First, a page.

Ask the Historian
Your Questions on Lady Jane Grey and Tudor History Answered

Please, so that I may provide the best possible answer, tell me:

what level you are at in your studies (i.e., elementary or high school, university undergraduate, graduate student),

whether or not you have access to a college or university library.
  EJ asks:
I am curious about autograph writings by Jane Grey.  Can you refer me to any resource that lists authentic autograph writings by Jane, especially autograph signatures? Attached are two signatures (below, top left and right) that purport to be autographs by Jane (found, of course, on the internet).  Can you comment on them, and the likelihood of either being authentic?
    I am aware of only a couple of items written entirely in Jane Grey’s own hand. The best known of these are the two inscriptions in her surviving prayer book, British Library Harley Manuscript 2342. One inscription was penned to her father, probably sometime between her trial for treason on 13 November 1553 and the last weeks of her life. The other inscription was written within the last couple of days, perhaps even the last day, and was directed to Sir John Brydges, Lieutenant of the Tower at the time of her execution.
    The other item written entirely in her own hand is a letter to Sir Thomas Seymour, Lord Admiral, in 1549. The letter is brief and in very neat block letters (known in the sixteenth century as "Italic" writing, though that terms applies today to an entirely different writing style). The letter to Seymour is closely held by the National Archives at Kew, west of London, and is only very rarely available for public viewing.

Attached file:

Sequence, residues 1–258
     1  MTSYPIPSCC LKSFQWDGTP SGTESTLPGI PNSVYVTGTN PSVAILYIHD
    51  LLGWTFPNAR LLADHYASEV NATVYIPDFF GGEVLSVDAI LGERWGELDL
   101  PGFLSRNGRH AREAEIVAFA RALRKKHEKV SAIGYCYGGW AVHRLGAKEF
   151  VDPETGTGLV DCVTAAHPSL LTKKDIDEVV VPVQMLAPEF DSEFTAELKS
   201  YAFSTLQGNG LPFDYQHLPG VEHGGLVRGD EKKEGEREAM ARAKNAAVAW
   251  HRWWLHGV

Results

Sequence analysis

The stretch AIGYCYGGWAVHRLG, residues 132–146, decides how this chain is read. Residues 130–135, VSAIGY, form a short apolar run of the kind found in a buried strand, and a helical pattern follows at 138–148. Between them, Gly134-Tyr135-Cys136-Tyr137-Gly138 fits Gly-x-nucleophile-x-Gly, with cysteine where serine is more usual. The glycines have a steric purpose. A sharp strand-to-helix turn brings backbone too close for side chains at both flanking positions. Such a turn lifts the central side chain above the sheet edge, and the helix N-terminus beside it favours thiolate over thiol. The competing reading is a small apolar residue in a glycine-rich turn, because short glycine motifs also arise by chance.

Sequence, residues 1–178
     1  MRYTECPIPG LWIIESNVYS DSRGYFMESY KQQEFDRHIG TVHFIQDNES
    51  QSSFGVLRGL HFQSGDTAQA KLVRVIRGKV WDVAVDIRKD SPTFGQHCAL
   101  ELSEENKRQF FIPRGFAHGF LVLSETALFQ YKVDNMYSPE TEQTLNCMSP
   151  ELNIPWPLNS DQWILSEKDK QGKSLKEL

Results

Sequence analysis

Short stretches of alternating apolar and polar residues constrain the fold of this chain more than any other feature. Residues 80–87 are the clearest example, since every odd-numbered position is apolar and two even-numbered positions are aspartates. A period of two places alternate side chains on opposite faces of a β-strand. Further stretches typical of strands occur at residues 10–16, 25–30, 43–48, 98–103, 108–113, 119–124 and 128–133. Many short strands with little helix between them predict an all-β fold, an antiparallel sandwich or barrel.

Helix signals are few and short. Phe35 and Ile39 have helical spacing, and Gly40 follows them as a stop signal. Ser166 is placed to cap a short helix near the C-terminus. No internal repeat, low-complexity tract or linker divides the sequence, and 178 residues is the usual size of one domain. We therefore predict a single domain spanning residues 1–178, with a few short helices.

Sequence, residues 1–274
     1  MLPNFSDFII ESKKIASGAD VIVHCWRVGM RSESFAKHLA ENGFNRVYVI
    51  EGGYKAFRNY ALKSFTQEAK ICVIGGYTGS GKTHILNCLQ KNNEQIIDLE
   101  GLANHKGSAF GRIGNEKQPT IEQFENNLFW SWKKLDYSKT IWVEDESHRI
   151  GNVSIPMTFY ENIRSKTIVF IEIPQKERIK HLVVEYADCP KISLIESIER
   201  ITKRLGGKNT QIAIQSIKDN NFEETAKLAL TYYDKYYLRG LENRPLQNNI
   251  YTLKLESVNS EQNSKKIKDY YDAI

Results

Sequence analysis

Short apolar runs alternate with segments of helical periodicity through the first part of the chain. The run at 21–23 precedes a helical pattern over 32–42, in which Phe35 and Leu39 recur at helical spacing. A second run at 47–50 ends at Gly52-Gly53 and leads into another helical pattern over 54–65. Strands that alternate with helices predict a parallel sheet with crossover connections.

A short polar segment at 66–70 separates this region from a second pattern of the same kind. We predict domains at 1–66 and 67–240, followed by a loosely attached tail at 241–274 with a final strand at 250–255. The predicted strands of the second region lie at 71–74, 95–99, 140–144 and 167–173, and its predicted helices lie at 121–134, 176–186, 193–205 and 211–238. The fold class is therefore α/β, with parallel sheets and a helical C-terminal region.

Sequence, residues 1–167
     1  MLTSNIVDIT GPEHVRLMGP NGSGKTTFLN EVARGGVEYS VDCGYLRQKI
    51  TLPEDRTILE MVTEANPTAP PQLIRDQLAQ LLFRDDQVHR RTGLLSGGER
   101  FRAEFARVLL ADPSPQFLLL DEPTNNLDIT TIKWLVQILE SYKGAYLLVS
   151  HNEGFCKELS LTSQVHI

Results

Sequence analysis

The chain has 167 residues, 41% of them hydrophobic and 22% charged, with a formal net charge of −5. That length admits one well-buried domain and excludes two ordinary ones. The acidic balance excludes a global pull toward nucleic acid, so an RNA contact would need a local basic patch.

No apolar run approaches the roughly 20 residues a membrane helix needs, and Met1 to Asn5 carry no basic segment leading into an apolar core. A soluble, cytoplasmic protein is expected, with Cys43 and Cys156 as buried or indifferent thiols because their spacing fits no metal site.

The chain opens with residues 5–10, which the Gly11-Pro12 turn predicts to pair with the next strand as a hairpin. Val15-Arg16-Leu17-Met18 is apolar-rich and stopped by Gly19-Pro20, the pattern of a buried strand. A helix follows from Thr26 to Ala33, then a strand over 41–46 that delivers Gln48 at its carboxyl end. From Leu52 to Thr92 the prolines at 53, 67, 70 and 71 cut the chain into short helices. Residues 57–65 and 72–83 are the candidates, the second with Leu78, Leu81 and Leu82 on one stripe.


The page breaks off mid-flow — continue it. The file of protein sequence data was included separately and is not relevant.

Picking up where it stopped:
I am not aware of any other example of Jane Grey’s handwriting that extends beyond a simple signature, and none that date to any time other than the nine-day reign of July 1553.
    There are, however, a fair number of authentic examples of her signature as Queen that do survive from the nine-day reign. These include a handful of documents now in the British Library (found mostly among the Lansdowne Manuscripts), another small cluster in the Surrey History Center at Woking (among the Loseley Manuscripts), and two or three at the Folger Shakespeare Library in Washington, DC.
    A low-resolution image of Jane’s genuine signature on one of the authentically autographed documents from the Folger Library can be seen above as the bottom image among the three images. That document dates from the nine-day reign. An image of her signature as Jane Dudley, as it appears in the prayer book, can be seen here: Signature in Prayer Book.
    Of the two images that you attached to your email, the image at upper left above appears to be a reasonable attempt to trace her signature from a reproduction of an authentic example. The other, at upper right above, is a very poor and obvious bit of tracery.